It had all the promise of a beautiful, cool fall weekend, and Laura and I decided to take advantage of it. Saturday afternoon we drove up to Cullowhee, North Carolina to savor a delicious victory as Furman beat Western North Carolina 47-21 in football. We stayed overnight in Bryson City, and that Sunday we were able to do something both of us had wanted to try for quite awhile – take a ride on the Great Smoky Mountains Railroad.
I had booked our tickets as soon as we decided on a plan of action for the weekend. It was a good thing I did, too, as CNN featured the railroad as its #2 leaf-viewing attraction on its website. We were also just beating the peak fall foliage crowds, so there were tickets to be had. There are several travel options, ranging from first class down to mere mortal. Even though it was supposed to be chilly, we decided on the open-air car, which was described as follows on their website:
The Open Air Gondola is perfect for those photographers craving that perfect scenic shot! Plenty of space to see the great outdoors! Created from retired baggage and flatbed cars, these open cars feature long padded outward-facing seats, perfect for the panoramic views. A great car for capturing the scents and sounds of nature!
More on that choice in a bit…
The history of the railroad is described in full detail on their website, so I won’t go into detail here. I’ll just describe our experiences on the trip.
We arrived at the Bryson City depot fairly early, and were given our tickets and told where we would be boarding the train. As we waited, I wandered down the train looking at the various cars. I spotted one open-air car, and wondered it if would be ours.
Unfortunately, I hadn’t looked closely at my ticket. Ours looked more like a cattle car, complete with ramps for loading livestock. It was obvious that the description quoted above was designed to put the best positive spin on the situation.
As we waited a large tour group with name tags gathered. A trio of bluegrass musicians set up and started playing for tips and CD sales.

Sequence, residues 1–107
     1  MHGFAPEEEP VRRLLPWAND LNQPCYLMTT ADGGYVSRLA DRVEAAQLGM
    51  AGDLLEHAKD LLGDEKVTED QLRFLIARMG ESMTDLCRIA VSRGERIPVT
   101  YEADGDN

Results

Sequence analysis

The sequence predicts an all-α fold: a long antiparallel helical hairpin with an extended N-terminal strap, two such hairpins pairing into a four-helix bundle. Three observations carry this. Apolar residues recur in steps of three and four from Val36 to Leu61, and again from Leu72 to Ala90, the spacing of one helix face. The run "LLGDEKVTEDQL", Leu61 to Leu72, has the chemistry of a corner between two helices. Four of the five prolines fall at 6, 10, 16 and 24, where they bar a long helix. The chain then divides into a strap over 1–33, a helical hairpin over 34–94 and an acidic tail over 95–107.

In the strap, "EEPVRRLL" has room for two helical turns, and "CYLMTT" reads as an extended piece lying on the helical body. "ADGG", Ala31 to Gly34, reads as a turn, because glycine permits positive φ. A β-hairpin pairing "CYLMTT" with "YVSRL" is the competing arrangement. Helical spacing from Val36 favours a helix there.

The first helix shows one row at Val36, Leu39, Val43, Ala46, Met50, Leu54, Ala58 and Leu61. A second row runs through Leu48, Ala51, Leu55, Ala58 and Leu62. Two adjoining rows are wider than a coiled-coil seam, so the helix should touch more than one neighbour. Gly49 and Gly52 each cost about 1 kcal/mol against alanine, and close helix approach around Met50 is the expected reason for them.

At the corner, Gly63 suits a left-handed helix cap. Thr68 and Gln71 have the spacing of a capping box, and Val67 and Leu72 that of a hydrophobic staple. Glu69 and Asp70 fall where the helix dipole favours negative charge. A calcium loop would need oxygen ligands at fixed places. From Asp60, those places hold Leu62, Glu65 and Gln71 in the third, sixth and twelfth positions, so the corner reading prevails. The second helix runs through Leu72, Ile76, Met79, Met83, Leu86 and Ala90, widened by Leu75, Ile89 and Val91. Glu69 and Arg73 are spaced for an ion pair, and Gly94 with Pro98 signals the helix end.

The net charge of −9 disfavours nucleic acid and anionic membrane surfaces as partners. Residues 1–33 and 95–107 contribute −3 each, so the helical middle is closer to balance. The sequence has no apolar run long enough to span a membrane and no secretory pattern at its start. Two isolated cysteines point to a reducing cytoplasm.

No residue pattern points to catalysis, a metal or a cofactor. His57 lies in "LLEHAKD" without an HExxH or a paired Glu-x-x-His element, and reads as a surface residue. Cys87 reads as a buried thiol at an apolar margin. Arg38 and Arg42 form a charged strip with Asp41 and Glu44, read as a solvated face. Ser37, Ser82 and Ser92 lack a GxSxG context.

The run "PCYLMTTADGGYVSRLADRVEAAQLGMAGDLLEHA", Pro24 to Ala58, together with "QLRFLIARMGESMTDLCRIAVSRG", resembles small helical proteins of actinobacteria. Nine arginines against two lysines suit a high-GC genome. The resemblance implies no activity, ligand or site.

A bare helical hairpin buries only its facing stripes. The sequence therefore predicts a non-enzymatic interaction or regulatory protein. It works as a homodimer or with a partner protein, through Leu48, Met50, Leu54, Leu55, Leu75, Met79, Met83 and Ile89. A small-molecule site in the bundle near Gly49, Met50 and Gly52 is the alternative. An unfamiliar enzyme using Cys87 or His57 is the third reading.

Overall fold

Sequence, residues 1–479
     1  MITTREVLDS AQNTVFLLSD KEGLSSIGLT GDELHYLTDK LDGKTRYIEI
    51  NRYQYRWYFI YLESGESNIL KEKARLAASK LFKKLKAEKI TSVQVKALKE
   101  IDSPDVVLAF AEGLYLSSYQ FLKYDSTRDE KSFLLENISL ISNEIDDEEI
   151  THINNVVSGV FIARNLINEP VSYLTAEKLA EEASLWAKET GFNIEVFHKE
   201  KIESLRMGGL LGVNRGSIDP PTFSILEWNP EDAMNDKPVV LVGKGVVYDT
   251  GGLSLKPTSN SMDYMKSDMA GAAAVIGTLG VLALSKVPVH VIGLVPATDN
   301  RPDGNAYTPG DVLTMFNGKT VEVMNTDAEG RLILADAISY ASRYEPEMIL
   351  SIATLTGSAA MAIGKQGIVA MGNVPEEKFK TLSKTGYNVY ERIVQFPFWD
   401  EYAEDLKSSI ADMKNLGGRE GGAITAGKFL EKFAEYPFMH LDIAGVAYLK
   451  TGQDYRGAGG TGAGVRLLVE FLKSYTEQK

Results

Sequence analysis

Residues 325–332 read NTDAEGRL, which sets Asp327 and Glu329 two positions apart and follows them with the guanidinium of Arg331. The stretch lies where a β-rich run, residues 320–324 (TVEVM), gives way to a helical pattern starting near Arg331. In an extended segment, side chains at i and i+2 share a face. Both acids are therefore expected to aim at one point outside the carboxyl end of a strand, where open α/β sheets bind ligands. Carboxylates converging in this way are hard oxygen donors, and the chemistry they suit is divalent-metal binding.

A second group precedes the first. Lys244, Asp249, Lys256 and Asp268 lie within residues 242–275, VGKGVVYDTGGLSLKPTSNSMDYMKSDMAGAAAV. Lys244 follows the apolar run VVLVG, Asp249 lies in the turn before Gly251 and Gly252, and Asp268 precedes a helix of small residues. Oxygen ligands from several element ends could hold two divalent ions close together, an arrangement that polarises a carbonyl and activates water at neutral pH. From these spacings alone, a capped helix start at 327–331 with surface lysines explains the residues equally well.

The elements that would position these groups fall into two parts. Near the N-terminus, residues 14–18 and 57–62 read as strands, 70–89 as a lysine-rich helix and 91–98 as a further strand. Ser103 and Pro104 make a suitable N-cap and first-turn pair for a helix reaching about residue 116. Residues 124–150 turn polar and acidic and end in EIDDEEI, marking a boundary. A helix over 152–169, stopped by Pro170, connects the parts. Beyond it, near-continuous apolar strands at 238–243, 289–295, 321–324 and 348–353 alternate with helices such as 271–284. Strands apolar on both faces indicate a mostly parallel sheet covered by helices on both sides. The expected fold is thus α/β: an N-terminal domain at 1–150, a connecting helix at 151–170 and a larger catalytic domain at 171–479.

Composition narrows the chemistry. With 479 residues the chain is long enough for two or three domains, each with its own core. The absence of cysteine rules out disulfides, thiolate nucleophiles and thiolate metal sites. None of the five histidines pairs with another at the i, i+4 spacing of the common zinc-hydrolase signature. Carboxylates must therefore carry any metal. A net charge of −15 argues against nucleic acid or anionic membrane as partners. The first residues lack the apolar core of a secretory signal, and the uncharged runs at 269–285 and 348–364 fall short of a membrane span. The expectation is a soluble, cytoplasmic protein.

Eventually “All Aboard!” was called, and we lined up to board our cattle car with a minimum of mooing. Turned out that it wasn’t all that bad. The seats were OK, and there was much, much greater visibility than the other cars. This also meant that it would be much, much colder when we got up to speed and the wind picked up. A railroad worker named Mike came through to make sure we were seated, and also let us know that on today’s trip there was room in the closed car, if we got too chilled.
There was a blast from the train whistle, and we were underway. We waved to those on the streets of Bryson City as the train pulled away from the depot. As we left we passed a siding where unused cars for the railroad are kept.
The conductor came through and punched everyone’s ticket. He was wearing traditional attire, and I’m sure that checking the tickets in such a fashion was meant to add to the experience, rather than any other practical consideration.
Heading out of Bryson City the train crosses the Tuckasegee River, then heads into the Western North Carolina countryside. We passed through kudzu canyons and ran along several highways and farms.
One thing I’ve noticed riding on trains is that people dress up their property for curb appeal, but not necessarily for “rail” appeal. The view from a train is much, much different from that of a car on the highway. You get an unexpurgated view of the world traveling by train, including all the little things some folks would rather keep hidden.